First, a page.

|Cooler Master TPC 812||23 °C||51 dBA||2350 rpm||66 °C||43 °C|
|Deepcool Gammaxx 300||18 °C||43 dBA||1650 rpm||74 °C||56 °C|
|Intel stock cooler||18 °C||41 dBA||2000 rpm||97 °C||79 °C|
|Xigmatek Praeton||19 °C||52 dBA||2900 rpm||83 °C||64 °C|
|Noctua NH-U12P SE2||18 °C||42 dBA||1300 rpm||69 °C||51 °C|
|Deepcool Frostwin||24 °C||46 dBA||1650 rpm||78 °C||54 °C|
|Thermaltake Frio Advanced||13 °C||56 dBA||2000 rpm||62 °C||49 °C|
|Xigmatek Dark Knight Night Hawk Edition||9 °C||48 dBA||2100 rpm||53 °C||44 °C|
|Thermaltake Frio Extreme||21 °C||53 dBA||1750 rpm||59 °C||38 °C|
|Noctua NH-U9B SE2||12 °C||44 dBA||1700 rpm||64 °C||52 °C|
|Thermaltake WATER2.0 Pro||15 °C||54 dBA||2000 rpm||52 °C||37 °C|
|Deepcool Fiend Shark||18 °C||45 dBA||1500 rpm||74 °C||56 °C|
|Arctic Freezer i30||13 °C||42 dBA||1350 rpm||63 °C||50 °C|
|Spire TME III||8 °C||46 dBA||1700 rpm||70 °C||62 °C|
|Thermaltake WATER2.0 Performer||11 °C||54 dBA||2000 rpm||49 °C||38 °C|
|Arctic Alpine 11 PLUS||11 °C||45 dBA||2000 rpm||82 °C||71 °C|
|be quiet! Dark Rock 2||10 °C||41 dBA||1300 rpm||58 °C||48 °C|
|Phanteks PH-TC14CS||16 °C||47 dBA||1300 rpm||58 °C||42 °C|
|Phanteks PH-TC14PE||16 °C||48 dBA||1300 rpm||57 °C||41 °C|
|SilverStone HE01 (Q)||19 °C||44 dBA||1150 rpm||63 °C||44 °C|
|SilverStone HE01 (P)||20 °C||57 dBA||2050 rpm||62 °C||42 °C|
|Thermaltake WATER2.0 Extreme (S)||17 °C||44 dBA||1250 rpm||52 °C||35 °C|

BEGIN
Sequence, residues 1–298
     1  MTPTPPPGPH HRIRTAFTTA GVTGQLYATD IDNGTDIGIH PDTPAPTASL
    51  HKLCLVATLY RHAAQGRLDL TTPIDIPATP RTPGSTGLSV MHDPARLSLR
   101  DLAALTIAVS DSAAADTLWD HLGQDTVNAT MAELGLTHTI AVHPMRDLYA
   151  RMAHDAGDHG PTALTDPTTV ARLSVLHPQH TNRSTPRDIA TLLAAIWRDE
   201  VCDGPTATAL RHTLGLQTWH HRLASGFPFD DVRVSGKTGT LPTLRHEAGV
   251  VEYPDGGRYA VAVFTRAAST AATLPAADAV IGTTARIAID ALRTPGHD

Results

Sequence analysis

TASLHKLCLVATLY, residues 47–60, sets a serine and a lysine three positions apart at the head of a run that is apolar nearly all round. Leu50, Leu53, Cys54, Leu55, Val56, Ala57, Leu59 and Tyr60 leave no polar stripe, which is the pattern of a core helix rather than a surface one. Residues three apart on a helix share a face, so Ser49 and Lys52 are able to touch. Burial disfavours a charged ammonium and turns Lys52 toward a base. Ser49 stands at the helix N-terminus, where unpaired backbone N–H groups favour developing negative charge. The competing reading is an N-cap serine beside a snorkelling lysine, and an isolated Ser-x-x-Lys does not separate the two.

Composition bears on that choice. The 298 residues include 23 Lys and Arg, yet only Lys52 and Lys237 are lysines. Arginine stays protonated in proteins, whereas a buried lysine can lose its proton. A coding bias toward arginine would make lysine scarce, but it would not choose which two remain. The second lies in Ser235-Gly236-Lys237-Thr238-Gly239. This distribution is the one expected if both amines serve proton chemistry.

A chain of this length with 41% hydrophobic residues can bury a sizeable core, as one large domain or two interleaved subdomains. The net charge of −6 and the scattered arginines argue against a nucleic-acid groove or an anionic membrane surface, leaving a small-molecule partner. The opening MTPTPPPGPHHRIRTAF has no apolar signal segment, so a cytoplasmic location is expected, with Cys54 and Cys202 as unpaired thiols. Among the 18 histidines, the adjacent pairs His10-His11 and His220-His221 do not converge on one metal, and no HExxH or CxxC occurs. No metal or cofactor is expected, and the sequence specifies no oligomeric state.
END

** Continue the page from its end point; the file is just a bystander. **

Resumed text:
|Thermaltake WATER2.0 Extreme (E)||17 °C||53 dBA||1900 rpm||50 °C||33 °C|
|Deepcool Neptwin||11 °C||46 dBA||1500 rpm||56 °C||45 °C|
In the graph below, you can see how many degrees Celsius hotter the CPU core is than the air outside the case. The lower this difference, the better is the performance of the cooler.
In the graph below, you can see how many decibels of noise each cooler makes.
[nextpage title=”Main Specifications”]
The main specifications for the Deepcool Neptwin CPU cooler include:
- Application: Sockets 775, 1155, 1156, 1366, 2011, AM2, AM2+, AM3, AM3+, and FM1 processor
- Dimensions: 5.4 x 5.0 x 6.3 inches (136 x 126 x 159 mm) (W x L x H)
- Fins: Aluminum
- Base: Nickel-platec copper
- Heat-pipes: Six 6-mm copper heatpipes
- Fan: Two, 120 mm
- Nominal fan speed: 1,500 rpm / 1,300 rpm
- Fan air flow: 60.29 cfm / 53.65 cfm
- Power consumption: 1.92 W + 1.56 W
- Nominal noise level: 32.1 dBA / 26.6 dBA
- Weight: 2.44 Lbs (1.11 kg)
- More information: https://www.deepcool-us.com/
- MSRP in the U.S.: USD 60.00
The Deepcool Neptwin is a very well-made, high-quality cooler. It is beautiful&nb
sp;and seems to be very sturdy. It has good cooling performance combined with quiet operation.
The Neptwin also has a flexible installation. You can install it with two fans as we did, but you can install only one fan at the middle (if you experience compatibility issues with memory modules), with one fan at the middle and the other one at the rear side, or even with three fans. You can also, of course, replace the stock fans for more powerful ones (sacrificing the silence for better performance).
Because of its good look, quality, low noise level, and performance, the Deepcool Neptwin gets the Hardware Secrets Silver Award.